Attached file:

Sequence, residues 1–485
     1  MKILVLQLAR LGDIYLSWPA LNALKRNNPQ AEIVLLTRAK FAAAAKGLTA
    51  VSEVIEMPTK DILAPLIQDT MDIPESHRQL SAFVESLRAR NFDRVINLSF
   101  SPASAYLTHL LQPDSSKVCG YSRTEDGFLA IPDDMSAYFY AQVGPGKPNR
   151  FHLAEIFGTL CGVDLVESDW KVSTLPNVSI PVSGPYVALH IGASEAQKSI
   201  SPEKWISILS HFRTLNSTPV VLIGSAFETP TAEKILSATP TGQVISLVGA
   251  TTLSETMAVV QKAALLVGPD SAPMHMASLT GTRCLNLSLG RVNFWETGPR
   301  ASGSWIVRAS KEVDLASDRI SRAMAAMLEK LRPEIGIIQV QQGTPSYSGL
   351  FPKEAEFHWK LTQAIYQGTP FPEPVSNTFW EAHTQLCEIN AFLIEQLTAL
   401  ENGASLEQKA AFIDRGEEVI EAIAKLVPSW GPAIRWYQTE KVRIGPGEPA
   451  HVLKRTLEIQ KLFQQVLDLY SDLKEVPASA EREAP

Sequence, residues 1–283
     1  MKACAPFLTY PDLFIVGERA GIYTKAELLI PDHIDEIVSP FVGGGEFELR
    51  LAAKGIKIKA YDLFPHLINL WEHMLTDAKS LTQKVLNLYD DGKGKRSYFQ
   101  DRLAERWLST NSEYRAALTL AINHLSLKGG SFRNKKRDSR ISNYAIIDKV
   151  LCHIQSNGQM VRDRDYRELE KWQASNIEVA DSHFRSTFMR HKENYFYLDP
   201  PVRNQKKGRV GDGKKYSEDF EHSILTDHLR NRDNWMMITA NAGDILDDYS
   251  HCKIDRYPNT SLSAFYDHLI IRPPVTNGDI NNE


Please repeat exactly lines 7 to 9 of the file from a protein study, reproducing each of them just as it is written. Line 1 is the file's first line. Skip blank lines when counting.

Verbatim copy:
   251  TTLSETMAVV QKAALLVGPD SAPMHMASLT GTRCLNLSLG RVNFWETGPR
   301  ASGSWIVRAS KEVDLASDRI SRAMAAMLEK LRPEIGIIQV QQGTPSYSGL
   351  FPKEAEFHWK LTQAIYQGTP FPEPVSNTFW EAHTQLCEIN AFLIEQLTAL